Online rights for the purchasing and sending of flowers
Every year, people throughout the country buy and send flowers for Mother’s Day, Valentine’s and Weddings for instance. But as convenient as ordering online is, what rights do online buyers have and what are the pitfalls? By Naveen Aricatt.
By Naveen Aricatt
What are my rights if the flowers are delivered too late?
If delivery has been explicitly agreed for a specified date, such as Mother’s Day but delivery is not made on this date, the customer may withdraw from the contract. They are not obligated to accept or pay for the flowers. The contract is then to be treated as if it was not made and the retailer needs to reimburse the consumer.
I ordered roses, but got tulips instead. Do I have to accept them?
No, you will not have to accept tulips instead of roses. In this case the normal warranty claim applies. The florist still has to deliver the roses. If they deliver the wrong flowers on the morning of the specified date, they still have enough time to deliver the ordered roses. A retailer could send you a substitute item if this was agreed in the contract. Were this the case, you would have to accept the tulips instead of the roses.
What happens if I’m not there when the flowers are delivered? Is the deliverer obligated to make a second attempt?
Provided the service was offered seriously to the customer, meaning the deliverer tried to deliver the flowers at a “normal” time, they are not obligated to make a second attempt. If the flowers are then delivered to a branch and can only be picked up the next working day, this is the responsibility of the consumer.
Are the delivery dates binding?
Explicit delivery dates are always binding. This applies in particular for Mother’s Day, Valentine’s Day or the date of a wedding, when the customer is very much interested in having the flowers delivered on time, especially if the florist advertises delivery on that day.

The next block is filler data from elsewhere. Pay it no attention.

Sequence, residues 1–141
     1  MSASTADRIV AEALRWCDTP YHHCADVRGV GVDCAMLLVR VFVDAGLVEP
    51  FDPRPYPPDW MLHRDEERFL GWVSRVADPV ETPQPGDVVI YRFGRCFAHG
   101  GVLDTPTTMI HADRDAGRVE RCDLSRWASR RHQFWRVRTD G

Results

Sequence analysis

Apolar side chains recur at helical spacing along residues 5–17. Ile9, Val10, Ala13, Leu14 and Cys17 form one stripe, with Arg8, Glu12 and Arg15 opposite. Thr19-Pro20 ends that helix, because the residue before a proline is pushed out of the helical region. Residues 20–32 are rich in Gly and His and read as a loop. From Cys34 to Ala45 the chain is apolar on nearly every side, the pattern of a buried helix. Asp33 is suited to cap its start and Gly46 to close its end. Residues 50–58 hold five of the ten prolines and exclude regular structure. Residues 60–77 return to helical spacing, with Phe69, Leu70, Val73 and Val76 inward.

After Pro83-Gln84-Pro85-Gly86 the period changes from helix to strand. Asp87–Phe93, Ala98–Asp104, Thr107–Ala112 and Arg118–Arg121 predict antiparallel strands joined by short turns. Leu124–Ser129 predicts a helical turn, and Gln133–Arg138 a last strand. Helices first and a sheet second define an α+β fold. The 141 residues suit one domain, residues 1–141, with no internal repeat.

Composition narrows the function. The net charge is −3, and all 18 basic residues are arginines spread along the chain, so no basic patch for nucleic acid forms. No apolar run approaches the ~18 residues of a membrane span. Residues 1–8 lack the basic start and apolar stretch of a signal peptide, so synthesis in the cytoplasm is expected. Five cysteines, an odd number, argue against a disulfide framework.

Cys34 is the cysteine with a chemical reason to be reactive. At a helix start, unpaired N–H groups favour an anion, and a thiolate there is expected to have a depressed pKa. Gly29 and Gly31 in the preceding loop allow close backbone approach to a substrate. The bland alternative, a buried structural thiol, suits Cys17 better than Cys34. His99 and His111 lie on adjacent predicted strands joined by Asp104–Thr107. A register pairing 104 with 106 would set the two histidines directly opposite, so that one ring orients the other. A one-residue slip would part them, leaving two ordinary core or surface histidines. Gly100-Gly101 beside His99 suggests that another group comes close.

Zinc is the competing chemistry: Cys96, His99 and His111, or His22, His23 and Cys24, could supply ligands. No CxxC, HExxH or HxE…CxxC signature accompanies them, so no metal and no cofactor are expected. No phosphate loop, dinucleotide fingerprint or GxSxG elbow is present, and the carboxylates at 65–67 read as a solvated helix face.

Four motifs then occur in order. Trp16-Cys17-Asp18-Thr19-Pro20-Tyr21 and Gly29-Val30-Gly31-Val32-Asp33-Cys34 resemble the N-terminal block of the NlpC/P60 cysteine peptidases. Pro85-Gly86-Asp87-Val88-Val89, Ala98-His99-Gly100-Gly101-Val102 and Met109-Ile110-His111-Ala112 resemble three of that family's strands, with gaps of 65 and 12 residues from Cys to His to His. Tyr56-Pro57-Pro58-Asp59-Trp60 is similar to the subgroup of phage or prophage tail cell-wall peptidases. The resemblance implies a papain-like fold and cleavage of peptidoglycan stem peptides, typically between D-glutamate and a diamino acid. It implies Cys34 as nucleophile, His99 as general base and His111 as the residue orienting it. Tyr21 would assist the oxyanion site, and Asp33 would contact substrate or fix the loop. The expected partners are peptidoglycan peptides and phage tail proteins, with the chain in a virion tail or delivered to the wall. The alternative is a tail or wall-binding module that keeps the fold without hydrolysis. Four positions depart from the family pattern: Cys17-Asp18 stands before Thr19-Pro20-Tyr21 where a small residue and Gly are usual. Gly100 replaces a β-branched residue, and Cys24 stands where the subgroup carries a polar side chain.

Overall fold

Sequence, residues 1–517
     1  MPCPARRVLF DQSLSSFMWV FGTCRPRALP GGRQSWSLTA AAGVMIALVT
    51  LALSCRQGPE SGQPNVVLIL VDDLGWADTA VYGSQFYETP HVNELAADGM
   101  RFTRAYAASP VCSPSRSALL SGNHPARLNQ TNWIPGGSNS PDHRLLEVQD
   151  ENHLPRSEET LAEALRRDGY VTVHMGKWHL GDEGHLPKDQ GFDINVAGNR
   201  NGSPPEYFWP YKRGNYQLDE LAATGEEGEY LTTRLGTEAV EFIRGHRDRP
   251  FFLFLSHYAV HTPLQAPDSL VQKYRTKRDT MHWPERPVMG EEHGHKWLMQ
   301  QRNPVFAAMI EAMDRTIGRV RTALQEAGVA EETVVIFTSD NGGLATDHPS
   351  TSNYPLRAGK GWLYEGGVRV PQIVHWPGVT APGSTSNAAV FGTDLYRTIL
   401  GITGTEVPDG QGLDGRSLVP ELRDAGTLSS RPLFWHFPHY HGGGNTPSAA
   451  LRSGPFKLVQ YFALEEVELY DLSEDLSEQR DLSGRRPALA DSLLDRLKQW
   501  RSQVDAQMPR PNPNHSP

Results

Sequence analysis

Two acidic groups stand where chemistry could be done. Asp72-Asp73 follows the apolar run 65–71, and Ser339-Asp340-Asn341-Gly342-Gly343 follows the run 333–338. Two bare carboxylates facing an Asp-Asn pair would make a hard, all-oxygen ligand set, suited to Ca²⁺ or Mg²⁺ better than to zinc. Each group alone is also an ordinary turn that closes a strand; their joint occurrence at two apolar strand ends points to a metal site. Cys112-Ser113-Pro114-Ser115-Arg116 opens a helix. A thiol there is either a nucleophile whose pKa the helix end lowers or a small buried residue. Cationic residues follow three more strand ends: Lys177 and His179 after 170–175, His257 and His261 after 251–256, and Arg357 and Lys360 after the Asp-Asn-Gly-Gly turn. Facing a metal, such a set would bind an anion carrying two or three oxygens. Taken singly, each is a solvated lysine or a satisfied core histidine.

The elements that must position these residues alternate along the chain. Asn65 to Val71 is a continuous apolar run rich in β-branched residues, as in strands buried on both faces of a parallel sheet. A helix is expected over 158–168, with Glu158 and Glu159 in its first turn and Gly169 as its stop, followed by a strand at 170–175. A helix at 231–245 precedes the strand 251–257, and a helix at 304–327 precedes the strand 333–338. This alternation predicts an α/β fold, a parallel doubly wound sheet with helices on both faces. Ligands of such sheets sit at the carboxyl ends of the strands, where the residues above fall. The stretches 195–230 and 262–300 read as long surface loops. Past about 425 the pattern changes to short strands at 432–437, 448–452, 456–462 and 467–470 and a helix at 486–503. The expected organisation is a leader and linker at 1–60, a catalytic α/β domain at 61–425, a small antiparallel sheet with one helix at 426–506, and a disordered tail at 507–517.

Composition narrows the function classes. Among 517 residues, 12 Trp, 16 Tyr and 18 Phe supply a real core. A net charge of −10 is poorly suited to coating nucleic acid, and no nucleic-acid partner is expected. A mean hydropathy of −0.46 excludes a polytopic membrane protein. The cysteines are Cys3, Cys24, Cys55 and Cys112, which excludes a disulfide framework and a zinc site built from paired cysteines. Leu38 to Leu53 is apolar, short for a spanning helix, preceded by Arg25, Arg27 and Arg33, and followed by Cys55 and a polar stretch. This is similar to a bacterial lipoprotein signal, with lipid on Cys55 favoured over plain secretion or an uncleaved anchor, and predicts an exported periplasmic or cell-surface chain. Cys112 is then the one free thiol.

Is there a right to cancel for flowers?
There is usually no right to cancel for cut flowers as these fall under the “contracts for the delivery of perishable goods” exemption. This does not include potted flowers such as orchids. For these, the normal right to cancel applies.
About the author Naveen Aricatt is UK legal expert at Trusted Shops. She is a postgraduate in Computer and Communications Law from Queen Mary University of London. In her function as Trusted Shops' legal counsel UK she is the expert responsible for the UK audit as well as legal matters in the UK. She joined the Trusted Shops’ team in 2009. After having conducted audits of German, French and English online shops, she now is responsible for UK audits. Furthermore, she co-authors the Trusted Shops handbook for online retailers which is regularly updated and writes about legal issues that are of relevance for online retailers in the Trusted Shops’ UK blog.
About Trusted Shops
Trusted Shops is the trust brand in European e-commerce. The company, based in Cologne, has certified more than 17,000 retailers across Europe since it was founded in 1999. Trusted Shops audits its members using strict individual criteria, such as creditworthiness, price transparency, customer service and data protection, and then awards its coveted Trustmark. Its customers include zalando, Marks & Spencer, Bon Prix, redcoon, Music Store, Commerzbank, OBI, Atelco and a whole host of small and medium-sized enterprises. The combination of audits, buyer protection, ratings and service create an “all-round secure package” for the consumer.